October Reads

No Judgments by Meg Cabot

4/5 Stars

In Meg Cabot’s newest offering, Bree has come to live in a sleepy island town in Florida after a traumatic experience. A hurricane is starting to roll in and while most of the town is evacuating, she decides not to, much to the chagrin of her ex-boyfriend and famous mother. Hijinks ensue, love is fallen into, etc.

This is a classic Meg Cabot romcom, and I really enjoyed it. It’s fun and mostly light. Nothing in it is particularly ground-breaking, but I’m fine with that.

Bad Blood: Secrets and Lies in a Silicon Valley Startup by John Carreyrou

3.5/5 Stars

Investigative journalist John Carreyrou’s first novel follows the rise, scandal, and fall of tech wunderkind Theranos. John was one of the first people to break the story on Elizabeth Holmes’ company in 2015.

Elizabeth, a Stanford dropout had big dreams that would revolutionize the health industry as we know it. She had a lot of people in her corner and a number of big name investors who believed in her. The big problem? The technology didn’t work, and probably couldn’t work.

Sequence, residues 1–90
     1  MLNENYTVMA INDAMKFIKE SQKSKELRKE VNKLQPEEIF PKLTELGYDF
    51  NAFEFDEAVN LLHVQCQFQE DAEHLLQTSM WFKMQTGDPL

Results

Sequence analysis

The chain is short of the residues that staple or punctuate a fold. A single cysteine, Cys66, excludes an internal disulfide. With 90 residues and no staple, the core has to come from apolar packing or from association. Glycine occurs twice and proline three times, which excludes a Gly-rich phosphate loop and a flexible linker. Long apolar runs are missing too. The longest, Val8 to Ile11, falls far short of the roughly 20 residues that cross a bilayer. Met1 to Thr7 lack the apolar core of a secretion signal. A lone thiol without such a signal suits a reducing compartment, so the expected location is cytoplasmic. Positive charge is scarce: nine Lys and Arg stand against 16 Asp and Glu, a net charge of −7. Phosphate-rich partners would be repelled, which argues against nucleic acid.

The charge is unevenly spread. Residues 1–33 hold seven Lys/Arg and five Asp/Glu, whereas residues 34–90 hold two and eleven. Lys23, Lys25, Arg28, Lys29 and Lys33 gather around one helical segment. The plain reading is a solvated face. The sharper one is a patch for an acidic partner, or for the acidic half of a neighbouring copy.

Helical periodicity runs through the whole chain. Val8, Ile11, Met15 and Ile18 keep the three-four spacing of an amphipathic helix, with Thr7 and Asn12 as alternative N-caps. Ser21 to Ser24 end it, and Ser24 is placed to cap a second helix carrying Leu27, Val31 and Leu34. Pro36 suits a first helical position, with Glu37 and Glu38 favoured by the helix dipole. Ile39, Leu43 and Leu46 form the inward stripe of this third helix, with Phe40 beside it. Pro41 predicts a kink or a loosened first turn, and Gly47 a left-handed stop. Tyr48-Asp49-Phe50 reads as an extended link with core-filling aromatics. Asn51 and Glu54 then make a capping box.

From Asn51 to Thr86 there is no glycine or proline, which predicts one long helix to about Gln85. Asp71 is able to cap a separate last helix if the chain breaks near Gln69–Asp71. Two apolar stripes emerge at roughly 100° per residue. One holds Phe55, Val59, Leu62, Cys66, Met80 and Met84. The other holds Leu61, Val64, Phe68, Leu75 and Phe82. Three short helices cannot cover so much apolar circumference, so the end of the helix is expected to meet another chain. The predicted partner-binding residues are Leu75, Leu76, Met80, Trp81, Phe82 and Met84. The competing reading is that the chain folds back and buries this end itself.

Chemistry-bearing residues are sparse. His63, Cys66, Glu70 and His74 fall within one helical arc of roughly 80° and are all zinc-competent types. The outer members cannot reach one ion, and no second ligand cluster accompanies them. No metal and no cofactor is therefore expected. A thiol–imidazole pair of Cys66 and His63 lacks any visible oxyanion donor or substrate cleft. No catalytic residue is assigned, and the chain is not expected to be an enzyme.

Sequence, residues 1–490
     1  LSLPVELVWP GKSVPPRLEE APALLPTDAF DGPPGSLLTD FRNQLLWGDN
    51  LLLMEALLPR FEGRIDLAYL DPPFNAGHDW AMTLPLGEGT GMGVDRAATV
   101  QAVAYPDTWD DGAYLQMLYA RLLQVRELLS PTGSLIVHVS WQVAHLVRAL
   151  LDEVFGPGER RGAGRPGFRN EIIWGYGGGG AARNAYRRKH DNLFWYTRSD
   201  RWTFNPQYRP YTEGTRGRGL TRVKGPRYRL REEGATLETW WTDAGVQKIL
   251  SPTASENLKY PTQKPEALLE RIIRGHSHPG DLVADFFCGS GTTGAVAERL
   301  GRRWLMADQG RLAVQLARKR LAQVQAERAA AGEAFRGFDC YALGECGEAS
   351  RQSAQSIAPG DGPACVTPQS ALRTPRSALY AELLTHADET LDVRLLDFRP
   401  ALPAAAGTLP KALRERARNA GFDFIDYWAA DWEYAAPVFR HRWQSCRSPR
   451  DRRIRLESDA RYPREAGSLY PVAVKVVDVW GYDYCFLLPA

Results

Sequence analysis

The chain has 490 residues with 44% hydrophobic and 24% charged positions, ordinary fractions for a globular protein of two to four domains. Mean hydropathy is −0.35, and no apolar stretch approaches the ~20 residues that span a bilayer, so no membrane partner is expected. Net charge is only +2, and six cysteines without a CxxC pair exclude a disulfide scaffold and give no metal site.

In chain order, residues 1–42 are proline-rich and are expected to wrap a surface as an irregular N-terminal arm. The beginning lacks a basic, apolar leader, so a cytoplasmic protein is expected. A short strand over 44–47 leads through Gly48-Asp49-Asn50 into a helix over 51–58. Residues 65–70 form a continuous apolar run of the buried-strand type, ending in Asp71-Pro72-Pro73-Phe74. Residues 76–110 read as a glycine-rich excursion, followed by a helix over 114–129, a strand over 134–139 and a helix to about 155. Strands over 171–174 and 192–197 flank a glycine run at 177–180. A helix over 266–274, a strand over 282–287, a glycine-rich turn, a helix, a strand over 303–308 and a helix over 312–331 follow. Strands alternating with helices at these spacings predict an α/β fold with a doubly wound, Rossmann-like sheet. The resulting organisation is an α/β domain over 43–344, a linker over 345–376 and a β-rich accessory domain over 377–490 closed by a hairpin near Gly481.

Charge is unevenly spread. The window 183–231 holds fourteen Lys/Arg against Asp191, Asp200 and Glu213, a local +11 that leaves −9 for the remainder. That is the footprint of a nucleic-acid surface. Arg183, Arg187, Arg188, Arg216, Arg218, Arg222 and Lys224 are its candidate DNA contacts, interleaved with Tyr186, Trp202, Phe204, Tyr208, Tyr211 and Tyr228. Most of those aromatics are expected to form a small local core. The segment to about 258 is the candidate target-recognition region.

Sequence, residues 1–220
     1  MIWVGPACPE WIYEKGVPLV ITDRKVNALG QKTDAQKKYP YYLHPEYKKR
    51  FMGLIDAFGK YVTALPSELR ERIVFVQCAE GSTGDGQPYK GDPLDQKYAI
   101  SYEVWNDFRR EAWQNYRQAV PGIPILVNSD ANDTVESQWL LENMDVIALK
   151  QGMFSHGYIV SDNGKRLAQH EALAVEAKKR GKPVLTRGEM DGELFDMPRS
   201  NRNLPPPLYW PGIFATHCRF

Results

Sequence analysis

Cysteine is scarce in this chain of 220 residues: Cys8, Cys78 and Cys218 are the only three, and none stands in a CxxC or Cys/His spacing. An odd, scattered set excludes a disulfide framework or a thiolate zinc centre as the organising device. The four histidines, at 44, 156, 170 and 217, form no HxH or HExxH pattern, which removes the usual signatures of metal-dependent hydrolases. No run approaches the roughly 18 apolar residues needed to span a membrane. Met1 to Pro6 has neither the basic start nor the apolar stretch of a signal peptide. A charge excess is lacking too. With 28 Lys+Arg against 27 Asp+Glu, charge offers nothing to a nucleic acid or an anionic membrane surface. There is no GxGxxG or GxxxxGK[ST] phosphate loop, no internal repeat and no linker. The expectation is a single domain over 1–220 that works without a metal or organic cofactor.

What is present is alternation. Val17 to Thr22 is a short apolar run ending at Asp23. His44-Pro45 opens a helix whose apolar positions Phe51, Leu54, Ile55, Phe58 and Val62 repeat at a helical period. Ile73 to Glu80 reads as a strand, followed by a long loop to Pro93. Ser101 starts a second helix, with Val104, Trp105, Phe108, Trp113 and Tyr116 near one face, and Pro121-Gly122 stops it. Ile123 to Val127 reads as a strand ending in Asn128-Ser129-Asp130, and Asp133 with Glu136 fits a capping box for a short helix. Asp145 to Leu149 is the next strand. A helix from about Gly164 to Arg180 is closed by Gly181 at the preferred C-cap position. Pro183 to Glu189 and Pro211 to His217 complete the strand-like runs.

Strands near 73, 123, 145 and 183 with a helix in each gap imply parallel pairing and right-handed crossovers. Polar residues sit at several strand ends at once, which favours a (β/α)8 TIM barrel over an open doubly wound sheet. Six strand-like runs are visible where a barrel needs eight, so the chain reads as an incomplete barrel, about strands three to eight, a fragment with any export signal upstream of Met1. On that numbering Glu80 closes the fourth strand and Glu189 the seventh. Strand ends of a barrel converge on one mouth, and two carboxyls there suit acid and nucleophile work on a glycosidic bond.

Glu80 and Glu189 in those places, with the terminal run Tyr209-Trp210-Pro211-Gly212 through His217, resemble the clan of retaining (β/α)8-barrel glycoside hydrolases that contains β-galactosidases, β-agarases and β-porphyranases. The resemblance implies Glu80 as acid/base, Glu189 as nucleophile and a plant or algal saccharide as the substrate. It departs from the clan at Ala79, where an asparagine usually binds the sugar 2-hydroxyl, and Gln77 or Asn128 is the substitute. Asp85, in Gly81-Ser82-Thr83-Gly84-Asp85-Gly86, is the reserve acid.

She was hellbent on her technology only using a couple drops of blood from a finger prick due to her fear of needles. After years and years of trials and errors, the technology wasn’t working. But investors and partners didn’t need to know that.

Theranos was an incredibly toxic work environment that featured weekly, if not daily firings and expectations to work long hours to prove commitment to the idea. Disgruntled former employees started reaching out to the FDA, government agencies, and others to try and blow the secrets of Theranos into the open.

John Carreyrou was contacted by a blogger who was in contact with one of these former employees to investigate.

This is an interesting book about one of the scams of the century. I just didn’t find most of it that compelling, and I thought I would. There was just a lot of technical language, which I understand is important, it was just hard to follow. I found myself re-reading blocks of text over and over again.

I’m glad I read this, I just don’t think I will ever pick it up again.

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